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This article is about the mercenary unit in Age of Empires III. For other uses of the term, see Pikeman.

Elite Swiss mercenary armed with a pike. Good against cavalry.
—In-game description

The Swiss Pikeman is mercenary heavy infantry in Age of Empires III.


The Swiss Pikeman are a serious threat to many units, due to their hit points and multipliers, especially cavalry. In addition, they have a high siege attack, allowing them to destroy buildings fairly easily and are also quite fast for infantry making them a good all-around unit. However like all infantry they will be defeated by artillery.

When using Swiss Pikemen, be on the lookout for Spy and Ninja units as they will be a threat, killing them with ease due to bonuses against fighting mercenaries.

Campaign appearances[]

In some campaign scenarios, Swiss Pikemen appear to assist the players' forces. For example, in the Act I: Blood level Into the Caves, three Swiss Pikemen are provided at the start to help defend the player's colony.

Further statistics[]

Unit strengths and weaknesses
Strong vs. Cavalry, Shock Infantry, buildings
Weak vs. Skirmishers, archers, artillery
Hit points Infantry Breastplate.png Infantry Breastplate (+10%)
Thin Red Line.png Thin Red Line (+20%, British only)
Corselet.png Corselet (+25%, Spanish only)
Cree Tanning.png Cree Tanning (+5%)
Maya Cotton Armor.png Maya Cotton Armor (+20%)
Navajo Weaving.png Navajo Weaving (+5%)
Attack Counter Infantry Rifling.png Customized Merc Weapons (+30%, John Black's Mercenaries only)
Carib Kasiri Beer.png Carib Kasiri Beer (+10%)
Mapuche Tactics.png Mapuche Tactics (+50% siege attack)
Zapotec Cult of the Dead.png Zapotec Cult of the Dead (+20%)
Yoga.png Yoga (+5%)
Master Lessons.png Master Lessons (+10%)
Speed Military Drummers.png Military Drummers (+10%)
Tillys Discipline.png Tilly's Discipline (+20%, Germans only)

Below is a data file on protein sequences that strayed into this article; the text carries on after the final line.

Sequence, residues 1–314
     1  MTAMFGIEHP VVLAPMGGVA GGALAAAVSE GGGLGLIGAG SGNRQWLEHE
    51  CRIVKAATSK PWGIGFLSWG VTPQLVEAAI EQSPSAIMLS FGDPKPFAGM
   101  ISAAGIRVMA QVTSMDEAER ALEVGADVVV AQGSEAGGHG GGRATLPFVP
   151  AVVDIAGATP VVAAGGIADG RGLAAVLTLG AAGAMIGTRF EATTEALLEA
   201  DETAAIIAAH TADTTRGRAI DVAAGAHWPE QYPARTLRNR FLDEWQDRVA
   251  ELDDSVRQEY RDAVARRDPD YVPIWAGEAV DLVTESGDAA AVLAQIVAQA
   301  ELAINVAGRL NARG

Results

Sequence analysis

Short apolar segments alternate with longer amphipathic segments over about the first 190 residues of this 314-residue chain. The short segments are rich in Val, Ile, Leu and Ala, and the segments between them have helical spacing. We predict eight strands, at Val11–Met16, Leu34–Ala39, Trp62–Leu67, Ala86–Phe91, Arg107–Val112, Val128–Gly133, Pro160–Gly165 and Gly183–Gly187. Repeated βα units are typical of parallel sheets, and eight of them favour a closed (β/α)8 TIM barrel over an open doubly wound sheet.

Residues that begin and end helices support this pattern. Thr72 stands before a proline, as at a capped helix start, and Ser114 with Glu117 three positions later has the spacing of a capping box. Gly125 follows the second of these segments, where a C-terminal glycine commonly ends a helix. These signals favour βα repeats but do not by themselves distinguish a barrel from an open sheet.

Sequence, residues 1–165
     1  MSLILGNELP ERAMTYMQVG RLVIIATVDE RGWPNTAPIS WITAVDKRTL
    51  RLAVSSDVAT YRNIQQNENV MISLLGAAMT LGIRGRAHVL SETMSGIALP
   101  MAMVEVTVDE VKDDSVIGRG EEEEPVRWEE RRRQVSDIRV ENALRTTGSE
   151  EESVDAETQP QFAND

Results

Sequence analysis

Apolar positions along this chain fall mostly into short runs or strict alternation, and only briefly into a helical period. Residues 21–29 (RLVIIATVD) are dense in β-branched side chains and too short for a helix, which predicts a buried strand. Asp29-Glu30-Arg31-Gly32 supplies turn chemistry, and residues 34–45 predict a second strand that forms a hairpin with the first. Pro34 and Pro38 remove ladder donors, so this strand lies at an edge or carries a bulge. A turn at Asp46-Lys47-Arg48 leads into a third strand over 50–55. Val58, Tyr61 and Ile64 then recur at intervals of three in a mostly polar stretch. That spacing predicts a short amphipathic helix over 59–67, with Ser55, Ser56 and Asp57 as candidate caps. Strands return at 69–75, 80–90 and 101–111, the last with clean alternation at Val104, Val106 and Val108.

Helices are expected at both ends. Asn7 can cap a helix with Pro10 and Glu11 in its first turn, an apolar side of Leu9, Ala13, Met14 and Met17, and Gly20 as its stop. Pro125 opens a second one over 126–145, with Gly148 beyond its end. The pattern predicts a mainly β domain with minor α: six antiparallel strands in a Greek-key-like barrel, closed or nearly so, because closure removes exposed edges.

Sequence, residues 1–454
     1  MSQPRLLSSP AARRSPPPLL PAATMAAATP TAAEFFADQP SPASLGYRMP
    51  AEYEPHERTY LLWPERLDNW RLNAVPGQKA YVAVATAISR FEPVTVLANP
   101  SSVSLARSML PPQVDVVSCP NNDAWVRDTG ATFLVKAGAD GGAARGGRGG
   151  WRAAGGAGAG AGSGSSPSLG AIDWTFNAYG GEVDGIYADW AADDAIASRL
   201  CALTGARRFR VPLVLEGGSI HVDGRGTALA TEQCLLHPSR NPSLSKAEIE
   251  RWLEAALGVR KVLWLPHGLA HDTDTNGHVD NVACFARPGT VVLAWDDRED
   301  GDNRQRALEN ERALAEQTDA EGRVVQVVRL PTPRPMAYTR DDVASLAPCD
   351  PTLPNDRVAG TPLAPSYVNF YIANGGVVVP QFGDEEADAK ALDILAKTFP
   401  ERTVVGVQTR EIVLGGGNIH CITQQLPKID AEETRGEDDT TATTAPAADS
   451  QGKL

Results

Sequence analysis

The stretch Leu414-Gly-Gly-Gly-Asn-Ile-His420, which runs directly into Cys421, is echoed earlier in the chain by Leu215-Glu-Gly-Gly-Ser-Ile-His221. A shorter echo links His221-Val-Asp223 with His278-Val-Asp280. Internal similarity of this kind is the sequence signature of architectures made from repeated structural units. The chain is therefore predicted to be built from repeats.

Inca Road-building.png Quechuan Mountaineering (+20%)
Apache Endurance.png Apache Endurance (+5%)
Sight Town Watch.png Town Watch (+2)
Creation speed Standing Army.png Standing Army (-25%)
Inca Chaquis Messengers.png Quechuan Diet (-25%)
Train cost Mapuche Ad-mapu.png Mapuche Ad-mapu (-10% coin cost)
Penalties Thin Red Line.png Thin Red Line (-25% speed, British only)
Coffee Trade.png Coffee Trade (-10% speed, Dutch only)
Tillys Discipline.png Tilly's Discipline (+10% cost, Germans only)
Corselet.png Corselet (-15% speed, Spanish only)

Home City Cards[]

In-game dialogue[]

The Swiss Pikemen speaks German, but in modern Zürich German unlike the German civilization's ones. However, an older Swiss German accent would have been more period appropriate.

The normal text below denotes the Swiss Pikeman's dialogue in the Swiss dialect versus the standard German pronunciation in parentheses.

  • Select 1 Ja? - Yes?
  • Select 2 Bereiit (Bereit) - Ready
  • Select 3 Uftrag (Auftrag) - Order?
  • Move 1 Jawoll (Jawohl) - Yes, sir
  • Move 2 Verschtande (Verstanden) - Understood
  • Move 3 Wird gmacht (Wird gemacht) - It will be done
  • Attack 1 Aagriff (Angriff) - Attack!
  • Attack 2 Vorwärts (Vorwärts!) - Forward!
  • Attack 3 Jawoll! (Jawohl!) - Yes, sir!


  • Historically, the mercenary corps of Switzerland (Reisläufer) were bitter rivals of the Landsknecht, in large part due to the latter being considered their imitators, yet became increasingly popular upon introduction to the point of supplanting the Swiss all but entirely in service. The two forces were often opposed during the major European conflict of the early sixteenth century, the Great Italian Wars, where the results of their many clashes were often horrific.


Swiss soldiers hired themselves out as mercenaries in many European nations. They were known for their discipline and drill with pike and halberd, but by the end of the sixteenth century had adopted the arquebus, and even mounted soldiers armed with arquebuses. Swiss pikemen were ruthless on the battlefield. They were known to hang their own men for panicking, for giving no quarter to enemies who surrendered, and for loyalty as long as they were paid. The phrase, "No silver, no Swiss," referred to the price of their loyalty, and the consequences of not paying them.

Swiss mercenaries wore a variety of uniforms, favoring colorful Landsknecht-style dress with striped leggings and mismatched stockings, and bright, slashed doublets and sleeves in alternating colors.